One of those days

We’re happily in Rhode Island in a temporary anchorage that we thought we would move from today but it didn’t happen. Our passage here had some ups and downs. The crew performed well. We still aren’t entirely comfortable with raising and lowering the sails, only because there are so many lines in one place in the cockpit and we have to figure out how to keep everything sorted out and not tangled. Also, we were raising and lowering when the autopilot wasn’t working and having two people in one small space reminded us of our video production days where no matter how big the location is, the crew gets all bunched up in one tiny spot because we all need to see the action from the camera perspective.

We dropped anchor at Pt. Judith, just off Block Island sound and promptly slept for a while. Well, I slept. Jack finally woke me at 7 pm and asked if I was hungry. Why yes, I was, and he made spaghetti and we cracked a pretty nice bottle of wine to celebrate our first multiday passage in Escape Velocity. Then it was a little Rachel Maddow and back to bed.

Today I planned to do some laundry. The generator started right up but the washer leaked, pouring water all over the forward starboard cabin but very little went in the washer tub. We checked all the water lines and didn’t find anything obvious. Hours later I’m still sopping up the watery mess. I’ll pull the washer tomorrow and see if we can figure out where it leaked. We’ve used the washer a lot but so far always at the dock with city water. I can’t see where the water source would be an issue but maybe it is.

My second project today was to commission the watermaker. It’s been “pickled” since we bought the boat because you can’t use it in the dirty water of the ICW. Now we’re in pristine New England waters and we’d like to be as self-sufficient as we can. We had one little mis-step, owing to conflicting sets of directions, but finally we got it up and running and cleaned out all the pickling solution and let it run for a while until we got a green light on the salinity. By that time it was late afternoon and Jack likes to preserve his solar amp hours so tomorrow I’ll start the watermaker again to fill our tank. I have to empty the city water out of the tank first so I’ll fill up our water carriers with that. I was hoping to empty the tank by doing laundry and maybe I still can if I can figure out the leaky washer.

Our third project today was to fix the broken switch on the bilge pump. It turns on ok, just not off. We would notice the light on and run down to see why the pump was running, only to find that the bilge was dry but the pump wouldn’t switch off. We have a replacement pump with a built in float switch so Jack tried to swap that out today, but he couldn’t make the wiring work because the old one was a pump with separate switch and the color coding was thoroughly confusing. So the bottom line on that is that the old pump is out, the new pump is in but the auto switch doesn’t work. That’s actually worse than we were with a pump that would turn on but not off. This is temporary until we can either sort out the wiring or get a pump that will work with the wiring we have.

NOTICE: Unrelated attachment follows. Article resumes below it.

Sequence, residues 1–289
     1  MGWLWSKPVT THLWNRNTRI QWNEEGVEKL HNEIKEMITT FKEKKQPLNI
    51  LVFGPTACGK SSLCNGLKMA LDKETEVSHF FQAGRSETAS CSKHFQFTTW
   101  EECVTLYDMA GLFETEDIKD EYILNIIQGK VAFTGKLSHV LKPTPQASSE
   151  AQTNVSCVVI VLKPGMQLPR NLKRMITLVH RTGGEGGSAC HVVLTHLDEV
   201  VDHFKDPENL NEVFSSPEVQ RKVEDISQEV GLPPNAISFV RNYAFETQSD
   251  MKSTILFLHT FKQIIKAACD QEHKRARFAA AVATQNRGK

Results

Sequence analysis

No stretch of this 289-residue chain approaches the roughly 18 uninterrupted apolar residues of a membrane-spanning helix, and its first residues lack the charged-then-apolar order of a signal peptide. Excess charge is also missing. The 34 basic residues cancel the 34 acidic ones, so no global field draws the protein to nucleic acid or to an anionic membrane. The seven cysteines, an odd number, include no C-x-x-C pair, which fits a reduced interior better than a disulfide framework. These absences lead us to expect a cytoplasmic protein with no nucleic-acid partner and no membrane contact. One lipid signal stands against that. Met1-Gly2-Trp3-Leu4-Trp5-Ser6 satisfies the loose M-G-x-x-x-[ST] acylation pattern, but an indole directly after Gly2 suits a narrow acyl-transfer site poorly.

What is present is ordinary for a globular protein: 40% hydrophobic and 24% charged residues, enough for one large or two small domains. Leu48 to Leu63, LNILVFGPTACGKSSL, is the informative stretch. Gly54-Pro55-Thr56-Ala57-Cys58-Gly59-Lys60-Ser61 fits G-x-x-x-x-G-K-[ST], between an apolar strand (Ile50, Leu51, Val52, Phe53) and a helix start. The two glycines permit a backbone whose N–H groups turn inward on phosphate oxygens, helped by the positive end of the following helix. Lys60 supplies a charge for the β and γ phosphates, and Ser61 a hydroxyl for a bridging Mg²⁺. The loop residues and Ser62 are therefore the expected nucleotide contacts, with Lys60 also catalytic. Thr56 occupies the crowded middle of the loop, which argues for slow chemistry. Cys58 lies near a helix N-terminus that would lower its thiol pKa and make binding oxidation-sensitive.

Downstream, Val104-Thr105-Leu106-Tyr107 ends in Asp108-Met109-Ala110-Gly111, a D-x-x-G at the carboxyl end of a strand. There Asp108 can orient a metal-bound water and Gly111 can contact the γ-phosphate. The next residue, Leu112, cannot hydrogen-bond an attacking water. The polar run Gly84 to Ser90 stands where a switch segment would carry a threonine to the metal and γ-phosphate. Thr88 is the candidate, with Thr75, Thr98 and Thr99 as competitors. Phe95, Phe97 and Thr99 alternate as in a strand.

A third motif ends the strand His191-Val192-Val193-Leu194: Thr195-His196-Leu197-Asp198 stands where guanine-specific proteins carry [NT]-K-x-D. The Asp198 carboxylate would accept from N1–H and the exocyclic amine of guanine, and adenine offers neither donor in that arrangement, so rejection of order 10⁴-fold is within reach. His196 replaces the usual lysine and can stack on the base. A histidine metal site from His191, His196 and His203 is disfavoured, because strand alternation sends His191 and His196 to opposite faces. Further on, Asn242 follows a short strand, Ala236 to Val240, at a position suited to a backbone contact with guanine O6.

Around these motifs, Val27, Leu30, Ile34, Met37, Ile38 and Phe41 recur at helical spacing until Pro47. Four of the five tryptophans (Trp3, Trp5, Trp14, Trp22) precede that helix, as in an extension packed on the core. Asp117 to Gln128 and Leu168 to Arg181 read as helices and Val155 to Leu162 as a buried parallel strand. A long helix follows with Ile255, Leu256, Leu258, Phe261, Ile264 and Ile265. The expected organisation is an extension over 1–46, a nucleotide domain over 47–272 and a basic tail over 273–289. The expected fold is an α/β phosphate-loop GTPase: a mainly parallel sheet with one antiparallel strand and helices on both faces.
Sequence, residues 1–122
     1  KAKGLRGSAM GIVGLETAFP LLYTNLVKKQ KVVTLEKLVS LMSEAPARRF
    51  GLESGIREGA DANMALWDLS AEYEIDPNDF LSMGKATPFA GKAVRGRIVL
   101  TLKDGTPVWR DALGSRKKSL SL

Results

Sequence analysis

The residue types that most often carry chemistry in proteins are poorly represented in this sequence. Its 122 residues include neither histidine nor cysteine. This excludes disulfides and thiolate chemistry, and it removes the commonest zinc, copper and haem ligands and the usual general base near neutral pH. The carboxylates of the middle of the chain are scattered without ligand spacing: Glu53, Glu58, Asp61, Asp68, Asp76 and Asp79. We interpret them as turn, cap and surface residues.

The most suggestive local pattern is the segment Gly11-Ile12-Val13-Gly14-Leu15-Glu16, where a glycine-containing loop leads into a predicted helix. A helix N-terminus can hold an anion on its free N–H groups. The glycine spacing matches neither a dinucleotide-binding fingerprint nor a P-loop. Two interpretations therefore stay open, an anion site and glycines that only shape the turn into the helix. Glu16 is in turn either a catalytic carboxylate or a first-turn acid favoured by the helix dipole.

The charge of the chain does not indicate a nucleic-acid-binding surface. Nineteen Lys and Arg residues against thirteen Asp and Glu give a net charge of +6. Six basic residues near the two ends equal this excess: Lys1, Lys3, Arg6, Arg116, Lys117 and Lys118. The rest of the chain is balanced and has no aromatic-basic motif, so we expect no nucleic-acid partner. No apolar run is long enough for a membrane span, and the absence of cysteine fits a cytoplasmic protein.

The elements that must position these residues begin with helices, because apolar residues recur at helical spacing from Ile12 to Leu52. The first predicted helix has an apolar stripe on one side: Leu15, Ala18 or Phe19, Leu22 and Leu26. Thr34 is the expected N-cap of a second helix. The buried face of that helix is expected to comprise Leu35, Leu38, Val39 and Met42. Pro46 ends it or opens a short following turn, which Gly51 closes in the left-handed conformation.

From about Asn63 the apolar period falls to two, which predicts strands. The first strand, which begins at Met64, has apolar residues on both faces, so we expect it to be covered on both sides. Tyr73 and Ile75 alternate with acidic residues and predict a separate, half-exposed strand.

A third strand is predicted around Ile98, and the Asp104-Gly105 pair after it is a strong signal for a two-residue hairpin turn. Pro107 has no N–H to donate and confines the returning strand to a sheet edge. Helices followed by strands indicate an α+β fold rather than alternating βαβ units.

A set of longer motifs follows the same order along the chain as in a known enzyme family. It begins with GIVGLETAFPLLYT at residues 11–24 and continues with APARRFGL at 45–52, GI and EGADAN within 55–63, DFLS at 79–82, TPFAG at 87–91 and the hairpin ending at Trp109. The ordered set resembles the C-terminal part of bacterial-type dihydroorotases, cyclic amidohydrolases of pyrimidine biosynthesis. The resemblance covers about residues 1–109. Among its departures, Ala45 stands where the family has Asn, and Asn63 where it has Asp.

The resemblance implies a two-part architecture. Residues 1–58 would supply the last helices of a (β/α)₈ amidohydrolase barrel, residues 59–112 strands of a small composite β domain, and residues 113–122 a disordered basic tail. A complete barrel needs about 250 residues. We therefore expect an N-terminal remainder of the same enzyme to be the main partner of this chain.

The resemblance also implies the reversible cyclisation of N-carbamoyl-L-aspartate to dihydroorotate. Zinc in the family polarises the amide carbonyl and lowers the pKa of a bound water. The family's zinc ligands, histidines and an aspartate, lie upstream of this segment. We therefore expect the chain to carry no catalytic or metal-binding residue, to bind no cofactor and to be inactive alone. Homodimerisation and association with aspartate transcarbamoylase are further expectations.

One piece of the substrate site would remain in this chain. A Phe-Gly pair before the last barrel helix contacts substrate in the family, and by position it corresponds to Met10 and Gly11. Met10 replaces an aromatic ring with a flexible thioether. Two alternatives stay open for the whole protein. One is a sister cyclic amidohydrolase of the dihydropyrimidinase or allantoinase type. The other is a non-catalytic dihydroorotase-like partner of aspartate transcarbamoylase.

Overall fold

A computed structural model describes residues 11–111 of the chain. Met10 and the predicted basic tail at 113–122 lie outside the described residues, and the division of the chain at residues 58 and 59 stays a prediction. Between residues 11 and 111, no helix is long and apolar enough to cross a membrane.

Now the boat is torn up because we need to let the wet spaces from the washer flood dry out, and I think we need to turn it on briefly tomorrow to see where it’s leaking so we’ll have another controlled flood to clean up. But I really need to do wash!

This is all not to mention the outboard engine, which is still not working so we can’t even go ashore. That’s on the list for tomorrow, too.

As annoying as I find all these fix-it projects, I also find them challenging and fun. Everything we work on we learn a little more about the boat. Jack, on the other hand, hates it. He doesn’t want to have to fix things ever. He expected to get a boat where everything worked and never broke and every time we have to sort something out he gets near paralyzed with anger and frustration. I hope he gets used to it soon, because the boat that doesn’t need fixing doesn’t exist, no matter how much you spend on it.

I love it here. Just look at this view from the back porch. Block Island in the distance.



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5 Responses to One of those days

  1. I admire your tenacity, Marce. I would probably be on Jack’s side, especially considering how many things have gone wrong already on your hop scotch trip up the coast. But I’m sure he wishes he could see it all from your perspective. Very Buddhist.

    • My mother was a teacher, my sister is a librarian. My first response is always to look it up. My mom said if you can read you can do anything, and I believe she was right. Of course I’ll be in a heap of trouble when we no longer have the Internet machine!

      • carole

        YIKES, “when we no longer have an Internet machine” So how will we get our wonderful EV blog entries every day or so…….. something tells me I’m not going to like the answer.

        Your trials and tribulations when offset by wonderful views are addictive!

      • John Halbrook

        I was talking more about your attitude rather than your ability to look things up. It is the attitude that I admire. Your resolve to look at these setbacks as challenges rather than disasters. I think I would have been tempted to sell the boat by now. Keep up the good grace.

  2. Anita

    I completely agree, Carole. We might have to wait for updates via relay. Continued prayers Marce and Jack. Stay “dry” and I hope that all your water problems are fixed soon.

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